Design of anti-alias filter for ADC, with oversampling and averaging

I am trying to design proper anti-aliasing filters for a new hobby
project (digital control of a quad-rotor flying robot - see previous
post for more questions). Here are the specifics:
* My sensors are analog MEMS accelerometers and gyroscopes. I'll have
at least 6 sensors to process, at least initially.
I will be using a microcontroller with 10-12 bit built-in ADCs to
process the sensor data (and implement the control loops)
* I'd like to keep part counts and costs to a minimum (of course)
I'd like to employ oversampling so I can make use of an analog anti-
alias filter with a (relatively) low number of poles
* I'll need to implement a digital filter + decimation to get down to
the desired sample rate
I'd like to average the samples (prior to the digital filter?
although the averager is itself a digital filter) to improve the
effective number of bits of resolution.
So, here are my questions:
* Can anyone recommend a good references for such a design, combining
these elements?
How important is it to use a Bessel filter (linear phase) vs
butterworth (flat passband response) in the analog filter stage?
* What kinds of filter-on-a-chip IC packages exist out there? I think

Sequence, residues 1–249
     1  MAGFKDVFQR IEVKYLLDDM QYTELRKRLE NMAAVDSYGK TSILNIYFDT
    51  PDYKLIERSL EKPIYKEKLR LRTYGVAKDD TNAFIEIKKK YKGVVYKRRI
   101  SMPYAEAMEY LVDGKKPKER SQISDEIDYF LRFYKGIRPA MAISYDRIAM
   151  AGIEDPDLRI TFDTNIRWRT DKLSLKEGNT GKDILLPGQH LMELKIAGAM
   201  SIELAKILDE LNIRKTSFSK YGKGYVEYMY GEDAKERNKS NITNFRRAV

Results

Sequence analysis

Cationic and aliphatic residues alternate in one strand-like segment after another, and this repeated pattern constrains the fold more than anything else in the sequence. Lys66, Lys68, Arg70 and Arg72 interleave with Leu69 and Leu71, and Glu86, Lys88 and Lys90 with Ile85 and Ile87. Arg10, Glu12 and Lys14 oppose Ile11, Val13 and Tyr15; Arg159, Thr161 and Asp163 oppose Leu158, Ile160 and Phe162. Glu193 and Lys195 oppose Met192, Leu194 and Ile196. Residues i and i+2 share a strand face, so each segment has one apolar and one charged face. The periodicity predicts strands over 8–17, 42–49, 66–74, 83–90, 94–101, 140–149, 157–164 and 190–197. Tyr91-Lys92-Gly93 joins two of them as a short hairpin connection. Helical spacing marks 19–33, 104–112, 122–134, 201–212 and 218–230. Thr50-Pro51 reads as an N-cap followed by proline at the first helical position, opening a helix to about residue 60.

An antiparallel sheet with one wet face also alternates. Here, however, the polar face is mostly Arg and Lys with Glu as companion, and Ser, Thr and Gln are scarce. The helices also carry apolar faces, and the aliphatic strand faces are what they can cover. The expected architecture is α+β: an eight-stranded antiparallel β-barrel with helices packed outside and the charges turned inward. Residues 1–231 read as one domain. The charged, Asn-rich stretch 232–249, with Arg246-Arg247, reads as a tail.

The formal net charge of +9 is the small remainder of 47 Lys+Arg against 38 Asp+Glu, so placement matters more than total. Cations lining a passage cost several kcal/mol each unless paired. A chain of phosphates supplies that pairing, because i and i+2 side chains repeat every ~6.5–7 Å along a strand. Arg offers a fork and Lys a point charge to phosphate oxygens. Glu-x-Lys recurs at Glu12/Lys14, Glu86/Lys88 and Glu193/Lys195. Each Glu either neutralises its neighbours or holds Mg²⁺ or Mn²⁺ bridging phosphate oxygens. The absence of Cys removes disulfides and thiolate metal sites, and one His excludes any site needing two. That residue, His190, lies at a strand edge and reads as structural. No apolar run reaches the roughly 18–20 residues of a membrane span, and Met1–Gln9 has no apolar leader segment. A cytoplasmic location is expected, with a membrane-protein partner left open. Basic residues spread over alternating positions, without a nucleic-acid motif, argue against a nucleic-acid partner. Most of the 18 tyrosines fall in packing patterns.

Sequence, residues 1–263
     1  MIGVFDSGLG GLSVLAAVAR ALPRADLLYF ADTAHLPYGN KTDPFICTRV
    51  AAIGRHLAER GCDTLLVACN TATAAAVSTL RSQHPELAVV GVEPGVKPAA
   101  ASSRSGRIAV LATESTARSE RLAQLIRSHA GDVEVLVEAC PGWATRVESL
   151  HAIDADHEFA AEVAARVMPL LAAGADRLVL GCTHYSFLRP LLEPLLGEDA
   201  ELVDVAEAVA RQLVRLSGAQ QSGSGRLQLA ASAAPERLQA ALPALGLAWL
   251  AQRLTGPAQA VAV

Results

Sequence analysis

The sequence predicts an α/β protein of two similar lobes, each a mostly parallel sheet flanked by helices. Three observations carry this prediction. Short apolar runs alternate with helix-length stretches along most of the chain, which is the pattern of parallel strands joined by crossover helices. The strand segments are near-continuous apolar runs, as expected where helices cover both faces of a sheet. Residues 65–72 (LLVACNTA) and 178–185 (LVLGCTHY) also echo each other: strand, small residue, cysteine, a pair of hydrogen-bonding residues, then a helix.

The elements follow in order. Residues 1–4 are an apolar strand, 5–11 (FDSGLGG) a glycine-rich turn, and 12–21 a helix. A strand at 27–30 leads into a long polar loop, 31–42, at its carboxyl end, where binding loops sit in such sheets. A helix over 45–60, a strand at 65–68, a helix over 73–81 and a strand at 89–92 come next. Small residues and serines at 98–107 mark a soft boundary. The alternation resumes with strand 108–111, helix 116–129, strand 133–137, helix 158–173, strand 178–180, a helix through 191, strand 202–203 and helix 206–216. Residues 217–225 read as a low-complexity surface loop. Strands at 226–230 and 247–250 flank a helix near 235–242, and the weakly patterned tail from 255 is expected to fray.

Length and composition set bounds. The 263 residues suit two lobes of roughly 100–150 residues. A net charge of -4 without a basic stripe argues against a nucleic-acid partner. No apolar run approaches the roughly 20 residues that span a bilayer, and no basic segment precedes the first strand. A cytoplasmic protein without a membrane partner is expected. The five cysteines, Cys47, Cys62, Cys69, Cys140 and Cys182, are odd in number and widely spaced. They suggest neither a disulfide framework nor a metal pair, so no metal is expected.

I'd prefer a switched capacitor or other easily varied type of
configuration (so I can make certain filter changes without altering
Are there any microcontrollers that automate the sampling and
digital filtering processing, with minimal direct intervention? It
looks as if the Luminary Micro ARM line has some hardware sample
averaging capability, for example, but it is not clear if it can
handle 6 simultaneous analog channels.
Thanks in advance
Reply to
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Here is a block diagram of my recommended anti-alias filter for 95% of all digital control loops out there:
_____ | | ---->| 1 |-----> |_____|
IOW, don't do it. The only time you need an anti-aliasing filter is if you have lots of noise at close to your sampling rate. Otherwise, the most significant contribution that an anti-alias filter can have in a closed loop is excessive phase delay.
Having said that, usually when I have the chance I'll oversample the ADC, and hand the controller the sum of the ADC samples in the interval leading up to the controller sample interval. I.e., if I'm sampling the controller at 500Hz, I may sample the ADC at 8000Hz and deliver the sum of the last 16 ADC samples to the controller. This knocks down the ADC noise nicely, and makes a comb filter for any external signal that wants to interfere with my loop. It does add delay, but the delay is minimal for those frequencies that would alias down into my loop.
Reply to
Tim Wescott
Nothing to add to Jerry and Tims fine comments on minimum acceptable rate. Here's my standard counter-reminder to this question: If you go for a high sample rate and use low precision maths (eg. 8 bit) in your processor, check that you don't encounter deadzone in the control algorithms due to mathematical quantisation, particularly with integration algorithms.
Reply to
Bruce Varley

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